Elimination (nirodha) of suffering has the character of quiet (santi). Nirodha is explained as absence of rodha (flood) of suffering. It is cessation (attagama), detachment (virago) and freedom from craving (mutti).
In this ancient axiomatic, happiness (sukha) is not mentioned as an opposite of sorrow (dukkha) or as an ideal state for aspiration. In the Buddha’s scheme of things, nothing phenomenal could appear to be sukha, happiness is not a reality. Suffering is a reality and when it is removed, we find quiet, wisdom and freedom as positive gains- and not happiness.
The importance of the sermon is stressed by the fact that it occurs, in almost identical form, at as many as five times in the Pali cannon. : In the Samyuktha Nikaya of Sutta Pitaka, as an independent discourse (Sutta 11, Saccasamyuktta) ; in the Vinaya Pitaka as a part of the Mahavagga section ; in Dhigga Nikaya as an annotated passage; in Majjima Nikaya ; and in Anuguttata Nikaya. Besides, there are two versions in Sanskrit and five versions in Tibetan. There is also a Chinese version of considerable antiquity. .
As per the practice followed in the Pali cannon, the Pathama desana too commences with the words Evam me sutam. The speaker here is monk Ananda, the most intimate disciple of the Teacher. The occasion on which he recounts the discourse was the First Council (Samgiti) convened at Rajagaha soon after the Master’s death.
Ananda was the Master’s cousin. He was the son of Amrtodanda who was the brother of Shuddodhana the Master’s father. He was said to be of the same age as the Master, but lived for decades after the Master’s death. Ananda might have lived for a hundred years or a little more. He became the Master’s disciple, personal attendant and secretary when both were about fifty-six years of age. He served the Master devotedly for abut twenty-five years until the Master’s death at the age of eighty. Ananda participated in the First Council and helped editing the Master’s discourses concerning doctrinal aspects.
As regards the Pathama desana, Ananda was not present when it was uttered by the Teacher. His association with the Master started years later. He heard it from the five mendicants to whom the discourse was addressed by the Teacher. The version occurring in the Pali Cannon obviously represents what Ananda recalled from his memory, using the exact words of the Master’s speech.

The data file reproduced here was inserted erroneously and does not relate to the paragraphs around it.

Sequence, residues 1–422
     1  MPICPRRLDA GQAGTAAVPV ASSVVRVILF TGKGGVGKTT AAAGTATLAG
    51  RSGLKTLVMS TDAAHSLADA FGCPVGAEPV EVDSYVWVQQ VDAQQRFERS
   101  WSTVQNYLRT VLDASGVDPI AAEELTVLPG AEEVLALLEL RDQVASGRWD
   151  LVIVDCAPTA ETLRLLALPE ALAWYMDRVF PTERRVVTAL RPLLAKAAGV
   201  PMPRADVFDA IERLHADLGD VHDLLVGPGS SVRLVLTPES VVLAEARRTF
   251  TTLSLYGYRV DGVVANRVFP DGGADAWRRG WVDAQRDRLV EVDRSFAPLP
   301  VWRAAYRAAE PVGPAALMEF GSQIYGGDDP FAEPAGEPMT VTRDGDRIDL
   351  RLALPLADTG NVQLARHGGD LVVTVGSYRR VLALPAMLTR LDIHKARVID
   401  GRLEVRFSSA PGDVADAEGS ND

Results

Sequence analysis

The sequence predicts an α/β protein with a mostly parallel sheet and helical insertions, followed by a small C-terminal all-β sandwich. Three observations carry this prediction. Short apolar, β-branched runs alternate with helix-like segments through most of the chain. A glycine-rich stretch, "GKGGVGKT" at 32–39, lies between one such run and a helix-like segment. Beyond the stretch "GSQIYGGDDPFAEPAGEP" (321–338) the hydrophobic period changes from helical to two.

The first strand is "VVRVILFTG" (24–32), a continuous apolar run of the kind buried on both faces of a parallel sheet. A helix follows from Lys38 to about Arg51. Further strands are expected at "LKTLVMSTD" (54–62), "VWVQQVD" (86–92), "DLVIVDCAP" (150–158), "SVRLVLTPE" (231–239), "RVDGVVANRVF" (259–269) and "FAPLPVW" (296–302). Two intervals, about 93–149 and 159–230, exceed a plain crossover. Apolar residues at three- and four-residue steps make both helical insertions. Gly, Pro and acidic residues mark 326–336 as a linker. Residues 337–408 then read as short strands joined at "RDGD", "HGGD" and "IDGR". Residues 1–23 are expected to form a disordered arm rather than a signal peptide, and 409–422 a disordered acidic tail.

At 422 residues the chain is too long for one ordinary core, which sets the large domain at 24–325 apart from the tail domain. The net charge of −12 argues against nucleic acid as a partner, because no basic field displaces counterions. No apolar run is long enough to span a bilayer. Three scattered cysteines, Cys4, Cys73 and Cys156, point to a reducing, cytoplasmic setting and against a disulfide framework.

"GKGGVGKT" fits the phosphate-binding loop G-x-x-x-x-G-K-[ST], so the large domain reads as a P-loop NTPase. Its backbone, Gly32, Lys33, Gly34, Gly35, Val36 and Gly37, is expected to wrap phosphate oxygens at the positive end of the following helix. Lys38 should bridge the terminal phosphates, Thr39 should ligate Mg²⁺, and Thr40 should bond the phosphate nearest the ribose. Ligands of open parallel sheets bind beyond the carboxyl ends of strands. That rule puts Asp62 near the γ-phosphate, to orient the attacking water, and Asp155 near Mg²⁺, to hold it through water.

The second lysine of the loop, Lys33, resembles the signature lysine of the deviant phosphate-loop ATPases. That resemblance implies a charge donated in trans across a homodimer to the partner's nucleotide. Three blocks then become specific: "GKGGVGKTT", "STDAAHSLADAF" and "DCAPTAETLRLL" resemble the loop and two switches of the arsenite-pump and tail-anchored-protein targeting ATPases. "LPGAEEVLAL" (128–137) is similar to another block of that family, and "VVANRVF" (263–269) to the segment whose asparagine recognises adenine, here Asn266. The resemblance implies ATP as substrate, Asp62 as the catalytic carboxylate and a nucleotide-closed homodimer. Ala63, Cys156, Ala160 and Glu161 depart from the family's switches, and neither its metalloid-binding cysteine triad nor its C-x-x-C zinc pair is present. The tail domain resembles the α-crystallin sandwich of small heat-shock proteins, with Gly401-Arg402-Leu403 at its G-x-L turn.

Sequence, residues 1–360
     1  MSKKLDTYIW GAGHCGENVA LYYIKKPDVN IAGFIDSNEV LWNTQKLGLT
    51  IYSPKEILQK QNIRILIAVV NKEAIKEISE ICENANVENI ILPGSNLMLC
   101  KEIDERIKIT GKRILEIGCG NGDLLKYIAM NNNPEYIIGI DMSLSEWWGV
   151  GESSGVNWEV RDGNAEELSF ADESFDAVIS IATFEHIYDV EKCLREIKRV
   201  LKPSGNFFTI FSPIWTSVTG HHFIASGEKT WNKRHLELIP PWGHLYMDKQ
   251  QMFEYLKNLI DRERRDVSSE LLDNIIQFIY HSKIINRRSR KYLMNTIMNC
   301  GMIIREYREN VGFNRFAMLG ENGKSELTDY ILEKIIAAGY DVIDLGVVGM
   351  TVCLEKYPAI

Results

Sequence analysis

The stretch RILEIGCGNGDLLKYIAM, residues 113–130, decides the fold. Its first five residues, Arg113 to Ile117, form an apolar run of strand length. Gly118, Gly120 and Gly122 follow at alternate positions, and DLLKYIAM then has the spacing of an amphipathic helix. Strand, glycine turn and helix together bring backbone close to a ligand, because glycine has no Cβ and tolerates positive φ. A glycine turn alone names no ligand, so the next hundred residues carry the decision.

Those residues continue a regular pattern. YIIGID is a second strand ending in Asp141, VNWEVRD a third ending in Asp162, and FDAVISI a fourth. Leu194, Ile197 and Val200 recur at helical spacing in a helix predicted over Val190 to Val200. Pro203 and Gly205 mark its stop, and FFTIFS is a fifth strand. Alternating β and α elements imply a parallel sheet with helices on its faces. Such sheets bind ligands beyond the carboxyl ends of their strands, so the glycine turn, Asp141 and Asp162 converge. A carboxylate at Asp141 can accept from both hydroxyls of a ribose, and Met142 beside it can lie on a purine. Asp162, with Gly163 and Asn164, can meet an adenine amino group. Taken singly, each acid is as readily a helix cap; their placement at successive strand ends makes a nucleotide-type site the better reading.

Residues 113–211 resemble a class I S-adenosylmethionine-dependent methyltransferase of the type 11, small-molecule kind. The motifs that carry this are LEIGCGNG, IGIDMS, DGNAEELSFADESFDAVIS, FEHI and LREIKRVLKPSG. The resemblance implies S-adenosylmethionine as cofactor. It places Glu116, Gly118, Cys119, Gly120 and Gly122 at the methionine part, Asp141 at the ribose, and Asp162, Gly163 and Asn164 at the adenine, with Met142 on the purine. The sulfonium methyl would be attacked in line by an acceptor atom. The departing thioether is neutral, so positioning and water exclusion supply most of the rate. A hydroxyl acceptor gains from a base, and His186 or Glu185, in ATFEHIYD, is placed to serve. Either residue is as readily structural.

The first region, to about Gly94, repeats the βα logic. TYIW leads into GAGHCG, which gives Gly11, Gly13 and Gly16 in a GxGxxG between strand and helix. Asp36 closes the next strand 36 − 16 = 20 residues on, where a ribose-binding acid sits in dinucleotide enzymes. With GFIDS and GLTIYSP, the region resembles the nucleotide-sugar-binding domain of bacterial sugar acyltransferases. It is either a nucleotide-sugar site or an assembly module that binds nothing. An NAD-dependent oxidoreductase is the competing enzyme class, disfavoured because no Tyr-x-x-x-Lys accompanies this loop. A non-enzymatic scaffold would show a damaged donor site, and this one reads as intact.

As regards the First Council, it was convened at Rajagaha soon after the Master’s death, with the object of recording the teachings of the Master as uttered by the Master. The First Council was presided over by Maha_Kassapa, acting as the leader of seven thousand disciples. The Vinaya and Sutta Pitaka came in to being as the result of the First Council. About five hundred monks were engaged for seven months in its compilation.
About a century later the Second Council was convened to eliminate heresies that might have crept in to the Vinaya, the text dealing with the conduct of the monks. The schism of the Dhamma was also formalized at this council.
The Third Council was convened at the instance of the Emperor Asoka to edit and cleanse the texts.
It was not until the first century BCE that the Pali canon was rendered into writing. According to the Sinhalese sources, the canon was written down at the instance of the King Vattagamini _Abhaya (29-17 B.C.E) of Sri Lanka at the fourth Buddhist Council.
The First Discourse (pathama desana) is of unique importance in the Buddhist history. It was from here the incomparable wheel of Dhamma was set in motion by the Blessed One. The full moon of Asalha is celebrated as Dhamma Day and it marks the beginning of the annual retreat period in the monasteries for the monsoon (Vassa or chatur_masya).
The First Discourse (pathama desana) introduces the Buddhist teachings and its philosophy. Many think, it contains the essence of the literary output of the Master;” There is no teaching of the Master outside the scope of this sermon.” It also marks a watershed in the Buddha’s life. From here, the Buddha emerged as The Revered Teacher (Bhagava), as the Blessed One (Araha) and as the perfectly enlightened One (Sammaa _Sambuddha).
“The best of paths is the Eightfold Path.
The best of truths are the Four Noble Truths.
The best of states is non-attachment.
The best of bipeds is the Seeing One.”
The evening was like a lovely maiden; the stars were the pearls upon her neck; the dark clouds her braided hair; the deepening space her flowing robe. As a crown she had the heavens where the angels dwell; these three worlds were as her body; her eyes were the white lotus flowers which open to the rising moon; and her voice was as it were the humming of the bees. To do homage to the Buddha, and to hear the first preaching of his word, this lovely maiden came.
Please read: Life of the Buddha- the Pali tradition